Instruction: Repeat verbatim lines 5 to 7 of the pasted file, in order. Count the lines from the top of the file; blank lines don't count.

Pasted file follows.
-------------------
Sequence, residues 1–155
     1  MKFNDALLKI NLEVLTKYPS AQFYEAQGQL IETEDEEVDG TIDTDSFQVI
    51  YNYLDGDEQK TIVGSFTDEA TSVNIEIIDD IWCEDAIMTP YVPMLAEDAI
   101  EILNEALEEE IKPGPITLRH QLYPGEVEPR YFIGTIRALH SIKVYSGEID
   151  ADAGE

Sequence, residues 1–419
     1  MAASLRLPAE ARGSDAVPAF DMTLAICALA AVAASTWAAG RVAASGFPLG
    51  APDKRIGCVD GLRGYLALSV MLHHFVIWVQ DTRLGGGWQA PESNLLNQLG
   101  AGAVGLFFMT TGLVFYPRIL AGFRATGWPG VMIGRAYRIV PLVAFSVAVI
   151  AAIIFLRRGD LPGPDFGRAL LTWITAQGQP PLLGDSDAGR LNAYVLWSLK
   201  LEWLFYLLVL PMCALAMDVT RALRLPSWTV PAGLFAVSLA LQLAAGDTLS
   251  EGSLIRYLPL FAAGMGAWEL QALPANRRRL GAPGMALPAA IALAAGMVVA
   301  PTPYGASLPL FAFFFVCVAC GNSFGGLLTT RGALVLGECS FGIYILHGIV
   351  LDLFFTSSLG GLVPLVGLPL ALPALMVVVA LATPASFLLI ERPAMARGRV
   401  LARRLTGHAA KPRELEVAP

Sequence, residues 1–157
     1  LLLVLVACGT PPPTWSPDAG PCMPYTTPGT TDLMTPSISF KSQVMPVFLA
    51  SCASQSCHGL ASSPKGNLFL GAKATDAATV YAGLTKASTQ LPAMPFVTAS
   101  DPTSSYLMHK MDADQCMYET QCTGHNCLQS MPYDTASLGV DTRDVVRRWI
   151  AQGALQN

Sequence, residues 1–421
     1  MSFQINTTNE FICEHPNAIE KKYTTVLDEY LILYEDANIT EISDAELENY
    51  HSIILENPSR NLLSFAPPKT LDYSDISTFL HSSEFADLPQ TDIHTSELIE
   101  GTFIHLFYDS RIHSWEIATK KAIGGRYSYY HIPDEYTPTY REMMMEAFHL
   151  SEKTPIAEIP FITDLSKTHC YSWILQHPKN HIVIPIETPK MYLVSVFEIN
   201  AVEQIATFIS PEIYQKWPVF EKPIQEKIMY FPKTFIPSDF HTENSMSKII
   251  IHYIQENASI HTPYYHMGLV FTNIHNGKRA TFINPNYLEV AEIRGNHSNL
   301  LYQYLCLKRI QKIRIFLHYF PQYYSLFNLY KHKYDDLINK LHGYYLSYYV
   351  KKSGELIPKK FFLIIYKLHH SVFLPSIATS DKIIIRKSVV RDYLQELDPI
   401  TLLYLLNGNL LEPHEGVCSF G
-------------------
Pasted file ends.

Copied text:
   151  ADAGE

Sequence, residues 1–419
     1  MAASLRLPAE ARGSDAVPAF DMTLAICALA AVAASTWAAG RVAASGFPLG